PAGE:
this target without dependencies, the existing list is cleared.
.PRECIOUS: Dependency files mentioned for this target are never
removed. Normally, if a command in a rule returns an error
or when the target construction is interrupted, the make
utility removes that target file. You can use the -p command
line option to make all target files precious.
Rules
A line with leading white space (tabs or spaces) is considered as a rule
and associated with the most recently preceding dependency line. A rule
is a line with commands that are executed to build the associated target.
A target-dependency line can be followed by one or more rules.
final.src : final.c
mv test.c final.c
ctc final.c
# target and dependency
# rule1
# rule2
You can precede a rule with one or more of the following characters:
@ does not echo the command line, except if -n is used.
- the make utility ignores the exit code of the command (ERRORLEVEL
in MS-DOS). Normally the make utility stops if a non-zero exit code is
returned. This is the same as specifying the option -i on the command
line or specifying the special .IGNORE target.
+ The make utility uses a shell or COMMAND.COM to execute the
command. If the '+' is not followed by a shell line, but the command is
a DOS command or if redirection is used (<, |, >), the shell line is
passed to COMMAND.COM anyway. For UNIX, redirection, backquote
(`) parentheses and variables force the use of a shell.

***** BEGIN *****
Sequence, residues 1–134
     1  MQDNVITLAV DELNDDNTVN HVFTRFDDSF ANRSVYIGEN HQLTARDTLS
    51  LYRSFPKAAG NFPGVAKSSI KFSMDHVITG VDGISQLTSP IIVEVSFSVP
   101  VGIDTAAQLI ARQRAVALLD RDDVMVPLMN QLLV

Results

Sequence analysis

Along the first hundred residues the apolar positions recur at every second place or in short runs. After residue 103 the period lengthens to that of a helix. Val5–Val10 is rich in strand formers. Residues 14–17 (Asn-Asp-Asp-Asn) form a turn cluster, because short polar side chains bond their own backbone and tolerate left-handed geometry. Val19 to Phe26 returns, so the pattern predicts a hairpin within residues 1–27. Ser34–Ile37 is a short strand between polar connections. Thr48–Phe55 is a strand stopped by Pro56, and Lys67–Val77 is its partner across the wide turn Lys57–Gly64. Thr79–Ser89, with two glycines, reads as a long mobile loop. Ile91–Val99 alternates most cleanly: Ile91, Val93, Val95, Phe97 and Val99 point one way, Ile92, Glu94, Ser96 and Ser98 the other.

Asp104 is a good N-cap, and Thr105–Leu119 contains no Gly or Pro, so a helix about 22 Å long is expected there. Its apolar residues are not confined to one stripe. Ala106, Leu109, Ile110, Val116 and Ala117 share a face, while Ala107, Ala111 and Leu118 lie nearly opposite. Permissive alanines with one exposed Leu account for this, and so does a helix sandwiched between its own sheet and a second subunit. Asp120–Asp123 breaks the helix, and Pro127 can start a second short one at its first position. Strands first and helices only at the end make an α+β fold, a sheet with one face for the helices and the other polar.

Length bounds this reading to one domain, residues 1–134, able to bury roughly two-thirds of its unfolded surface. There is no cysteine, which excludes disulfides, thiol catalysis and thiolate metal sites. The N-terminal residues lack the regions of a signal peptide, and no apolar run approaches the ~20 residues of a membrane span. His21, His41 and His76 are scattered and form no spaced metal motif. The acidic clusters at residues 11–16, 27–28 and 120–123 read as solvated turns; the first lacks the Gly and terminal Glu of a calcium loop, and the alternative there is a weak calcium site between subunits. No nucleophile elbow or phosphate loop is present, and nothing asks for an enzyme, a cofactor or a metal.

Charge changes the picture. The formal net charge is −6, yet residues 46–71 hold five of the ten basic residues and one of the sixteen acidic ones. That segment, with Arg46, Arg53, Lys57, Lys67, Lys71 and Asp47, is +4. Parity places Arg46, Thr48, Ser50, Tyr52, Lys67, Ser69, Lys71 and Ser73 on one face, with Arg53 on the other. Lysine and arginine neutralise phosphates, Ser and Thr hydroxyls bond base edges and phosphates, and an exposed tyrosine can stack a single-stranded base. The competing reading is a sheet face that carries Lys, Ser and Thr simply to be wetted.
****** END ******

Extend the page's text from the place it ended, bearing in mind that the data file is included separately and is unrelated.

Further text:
You can force mktc to execute multiple command lines in one shell
environment. This is accomplished with the token combination ';\'. For
example:
cd c:\ctc\bin ;\
cctc -V
• • • • • • • •
TriCore User's Manual
8-16
The ';' must always directly be followed by the '\' token. Whitespace is not
removed when it is at the end of the previous command line or when it is
in front of the next command line. The use of the ';' as an operator for a
command (like a semicolon ';' separated list with each item on one line)
and the '\' as a layout tool is not supported, unless they are separated with
whitespace.
The make utility can generate inline temporary files. If a line contains
<<LABEL (no whitespaces!) then all subsequent lines are placed in a
temporary file until the line LABEL is encountered. Next, <<LABEL is
replaced by the name of the temporary file.
Example:
ltc -o $@ -f <<EOF
$(separate "\n" $(match .o $!))
$(separate "\n" $(match .a $!))
$(LKFLAGS)
EOF
The three lines between <<EOF and EOF are written to a temporary file
(for example mkce4c0a.tmp ), and the rule is rewritten as ltc -o $@ -f
mkce4c0a.tmp .
Instead of specifying a specific target, you can also define a general target.
A general target specifies the rules to generate a file with extension .ex1
to a file with extension .ex2. For example:
UTILITIES
.SUFFIXES:
.c.src
:
.c
ltc $<
Read this as: to build a file with extension .src out of a file with
extension .c, call the compiler with $<. $< is a predefined macro that is
replaced with the basename of the specified file. The special target
.SUFFIXES: is followed by a list of file extensions of the files that are
required to build the target.
Implicit Rules
Implicit rules are stored in the system makefile mktc.mk and are
intimately tied to the .SUFFIXES special target. Each dependency that
follows the .SUFFIXES target, defines an extension to a filename which
must be used to build another file. The implicit rules then define how to
actually build one file from another. These files share a common
basename, but have different extensions.
Using the Utilities
8-17
If the specified target on the command line is not defined in the makefile
or has not rules in the makefile, the make utility looks if there is an
implicit rule to build the target.
Example